Roy L. Juncker, Jr.-Louisiana Champion for Change
Roy L. Juncker, Jr.
Director, Jefferson Parish. Louisiana
Department of Juvenile Services
Roy Juncker, once the Chief of Police in the small Jefferson Parish city of Westwego, is now one of Louisiana’s most sought-after juvenile justice professionals. He has taken what he learned on the streets and applied it to improving the systems that affect young people and their families.
“While it was a tremendous step in his professional development, the Models for Change initiative complemented Roy’s leadership and vision for juvenile justice,” said Judge Ann Murry Keller of the Jefferson Parish Juvenile Court. “His tenacity, diplomacy, and vision to make Jefferson Parish a statewide and national model for juvenile justice and collaboration make him a Champion for Change.”
Juncker is Director for the Jefferson Parish Department of Juvenile Services (DJS) and Chairman of the Children & Youth Planning Board. He is also the Jefferson Parish Project Director for Models for Change. As Director of DJS, he is responsible for the daily leadership of 120 employees within a $12 million dollar a year department.
Jefferson Parish is only one of two grant sites in Louisiana that decided to target all three of Louisiana’s targeted areas of improvement: Alternatives to Formal Processing and Secure Placement, Evidence-Based Community Services and Disproportionate Minority Contact. Because of Juncker’s leadership, his willingness to learn, and desire to increase public safety through effective programming, he has succeeded in all three.
“Roy has been involved in every facet of juvenile justice,” said Keller. “He uses his understanding of the multiple perspectives of crime to initiate diplomatic solutions to contested issues while demonstrating a persistent focus on quality improvement, data-driven decisions, and implementation of best practices.”
DJS has been the foundation for Models for Change efforts in Jefferson Parish. Juncker has tripled funding for evidence-based practices (EBP) resulting in an increase in access to EBPs from 7% to 95% in just three years. Objective screening and assessment instruments are now used 100% of the time, up from 12%. DJS has worked to implement universal race and ethnicity data collection and provided leadership for the development of alternatives to formal processing by addressing school-generated referrals to the juvenile justice system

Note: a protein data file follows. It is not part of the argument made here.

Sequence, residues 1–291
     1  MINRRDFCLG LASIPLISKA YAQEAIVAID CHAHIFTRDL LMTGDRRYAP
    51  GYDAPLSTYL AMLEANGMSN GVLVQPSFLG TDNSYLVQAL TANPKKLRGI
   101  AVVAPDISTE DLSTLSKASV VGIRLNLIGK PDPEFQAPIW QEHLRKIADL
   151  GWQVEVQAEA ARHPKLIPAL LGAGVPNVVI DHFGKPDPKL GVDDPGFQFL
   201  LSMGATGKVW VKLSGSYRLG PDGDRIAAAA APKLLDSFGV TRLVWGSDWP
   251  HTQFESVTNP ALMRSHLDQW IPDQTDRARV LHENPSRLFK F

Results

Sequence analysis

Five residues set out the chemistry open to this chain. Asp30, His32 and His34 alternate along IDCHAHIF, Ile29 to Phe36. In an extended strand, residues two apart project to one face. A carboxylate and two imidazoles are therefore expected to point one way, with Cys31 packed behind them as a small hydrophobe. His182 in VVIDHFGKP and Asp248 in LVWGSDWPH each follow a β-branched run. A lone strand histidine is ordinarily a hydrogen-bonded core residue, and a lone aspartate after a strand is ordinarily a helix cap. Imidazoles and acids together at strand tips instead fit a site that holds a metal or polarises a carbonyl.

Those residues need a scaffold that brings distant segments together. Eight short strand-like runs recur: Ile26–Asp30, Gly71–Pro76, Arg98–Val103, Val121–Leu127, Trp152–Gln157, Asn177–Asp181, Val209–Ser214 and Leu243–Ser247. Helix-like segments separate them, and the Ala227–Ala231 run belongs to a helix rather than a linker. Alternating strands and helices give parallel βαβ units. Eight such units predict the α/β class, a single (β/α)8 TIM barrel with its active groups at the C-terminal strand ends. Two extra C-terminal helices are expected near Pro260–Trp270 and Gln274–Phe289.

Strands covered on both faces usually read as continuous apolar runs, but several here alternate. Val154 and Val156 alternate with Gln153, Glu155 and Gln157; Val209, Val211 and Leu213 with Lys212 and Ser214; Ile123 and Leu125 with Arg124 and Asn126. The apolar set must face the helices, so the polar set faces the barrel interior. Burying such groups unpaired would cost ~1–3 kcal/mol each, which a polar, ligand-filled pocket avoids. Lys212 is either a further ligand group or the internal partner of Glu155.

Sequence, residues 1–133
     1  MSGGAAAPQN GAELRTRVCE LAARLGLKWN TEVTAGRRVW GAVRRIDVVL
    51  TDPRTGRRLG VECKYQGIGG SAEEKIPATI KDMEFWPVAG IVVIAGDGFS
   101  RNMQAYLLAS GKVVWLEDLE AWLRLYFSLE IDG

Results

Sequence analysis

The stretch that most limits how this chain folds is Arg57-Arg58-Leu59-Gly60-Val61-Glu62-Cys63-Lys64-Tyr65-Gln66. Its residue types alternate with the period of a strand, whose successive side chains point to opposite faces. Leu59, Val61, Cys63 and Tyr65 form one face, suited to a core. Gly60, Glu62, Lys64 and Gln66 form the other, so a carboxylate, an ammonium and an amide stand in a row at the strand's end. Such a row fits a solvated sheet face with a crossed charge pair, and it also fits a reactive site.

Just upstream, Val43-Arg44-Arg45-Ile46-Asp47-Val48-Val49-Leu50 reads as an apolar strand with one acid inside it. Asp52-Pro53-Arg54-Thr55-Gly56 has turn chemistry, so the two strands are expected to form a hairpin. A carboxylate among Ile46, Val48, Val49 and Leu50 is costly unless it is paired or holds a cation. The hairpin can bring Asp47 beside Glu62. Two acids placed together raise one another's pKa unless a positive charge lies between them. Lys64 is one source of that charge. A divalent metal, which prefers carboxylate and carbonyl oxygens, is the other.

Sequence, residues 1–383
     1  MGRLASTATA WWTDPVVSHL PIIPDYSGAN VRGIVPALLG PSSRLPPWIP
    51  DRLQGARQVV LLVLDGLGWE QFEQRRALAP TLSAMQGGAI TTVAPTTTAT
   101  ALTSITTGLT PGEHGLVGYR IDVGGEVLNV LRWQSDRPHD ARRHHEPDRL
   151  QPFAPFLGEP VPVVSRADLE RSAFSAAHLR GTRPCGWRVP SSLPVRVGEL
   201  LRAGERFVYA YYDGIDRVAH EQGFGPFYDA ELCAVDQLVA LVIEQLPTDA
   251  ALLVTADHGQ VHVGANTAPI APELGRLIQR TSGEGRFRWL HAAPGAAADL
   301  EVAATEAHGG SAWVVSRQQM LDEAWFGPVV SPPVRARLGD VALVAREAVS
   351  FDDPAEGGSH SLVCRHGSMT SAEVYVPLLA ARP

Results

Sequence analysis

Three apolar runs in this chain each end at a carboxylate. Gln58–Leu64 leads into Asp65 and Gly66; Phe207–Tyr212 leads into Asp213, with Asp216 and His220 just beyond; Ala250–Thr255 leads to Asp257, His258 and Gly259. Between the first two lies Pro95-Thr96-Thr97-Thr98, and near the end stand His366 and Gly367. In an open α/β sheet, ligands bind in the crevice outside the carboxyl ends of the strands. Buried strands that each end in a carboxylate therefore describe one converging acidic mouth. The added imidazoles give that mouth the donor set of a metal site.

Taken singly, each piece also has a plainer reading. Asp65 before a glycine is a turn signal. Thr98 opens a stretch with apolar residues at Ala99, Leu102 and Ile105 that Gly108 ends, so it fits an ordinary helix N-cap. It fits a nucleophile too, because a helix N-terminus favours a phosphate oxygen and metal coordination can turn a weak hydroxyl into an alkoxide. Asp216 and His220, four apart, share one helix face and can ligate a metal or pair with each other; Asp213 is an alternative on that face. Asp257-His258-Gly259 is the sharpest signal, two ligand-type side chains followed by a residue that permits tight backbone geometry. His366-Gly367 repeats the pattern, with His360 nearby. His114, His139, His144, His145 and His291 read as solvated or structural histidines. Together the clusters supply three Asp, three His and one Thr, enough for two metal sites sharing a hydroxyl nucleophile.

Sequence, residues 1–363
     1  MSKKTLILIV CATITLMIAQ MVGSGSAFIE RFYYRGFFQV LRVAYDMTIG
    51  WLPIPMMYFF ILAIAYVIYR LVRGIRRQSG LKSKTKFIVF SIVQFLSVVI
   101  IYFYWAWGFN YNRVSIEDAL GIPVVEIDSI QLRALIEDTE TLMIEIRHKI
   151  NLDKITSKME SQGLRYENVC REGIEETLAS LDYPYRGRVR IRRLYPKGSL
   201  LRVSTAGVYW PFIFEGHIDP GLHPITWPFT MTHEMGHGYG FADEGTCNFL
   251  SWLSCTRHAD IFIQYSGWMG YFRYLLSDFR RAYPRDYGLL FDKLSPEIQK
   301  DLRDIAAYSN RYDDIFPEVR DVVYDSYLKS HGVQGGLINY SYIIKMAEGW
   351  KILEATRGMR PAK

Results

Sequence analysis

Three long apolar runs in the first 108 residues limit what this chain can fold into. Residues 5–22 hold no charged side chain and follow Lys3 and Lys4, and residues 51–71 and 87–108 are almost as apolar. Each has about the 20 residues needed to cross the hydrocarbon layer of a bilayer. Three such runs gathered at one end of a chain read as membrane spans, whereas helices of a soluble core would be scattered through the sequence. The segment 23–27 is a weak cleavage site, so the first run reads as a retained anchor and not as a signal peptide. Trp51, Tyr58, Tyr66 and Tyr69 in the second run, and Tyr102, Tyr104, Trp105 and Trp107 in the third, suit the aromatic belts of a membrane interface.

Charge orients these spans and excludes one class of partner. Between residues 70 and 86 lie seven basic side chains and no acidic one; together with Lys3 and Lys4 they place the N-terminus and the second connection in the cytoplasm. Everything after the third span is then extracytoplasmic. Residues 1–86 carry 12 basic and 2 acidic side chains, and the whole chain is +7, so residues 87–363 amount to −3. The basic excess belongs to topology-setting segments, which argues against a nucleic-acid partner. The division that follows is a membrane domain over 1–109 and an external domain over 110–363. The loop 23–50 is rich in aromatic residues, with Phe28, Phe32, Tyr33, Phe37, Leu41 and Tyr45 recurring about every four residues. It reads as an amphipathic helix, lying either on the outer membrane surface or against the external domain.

“Roy understands the issues, is passionate about providing the best practices to youth on probation, and has built collaborative relationships. His results-oriented work ethic has garnered respect across Louisiana for the accomplishments of DJS,” said Deb DePrato, Models for Change Louisiana Project Director. “Roy inspires others through his leadership, vision, energy and support of the core values of the Models for Change Initiative.”
Jefferson Parish has much to be proud of. Use of community-based programs is expanding, best practices are being widely accepted, and detention alternative programs established in coordination with Juvenile Court judges have decreased the need for bed space. Juncker has implemented these changes without new resources, only more cost-effective use of his agency’s existing funds.
“Juvenile justice leaders seek our Roy because of his vision, energy and leadership, and more importantly, for his complete grasp of all the issues involved in these kinds of reform, as well as his ability to implement those changes,” said DePrato. “He gladly spends time with others interested in duplicating Jefferson Parish results. He wants others to be Champions too.”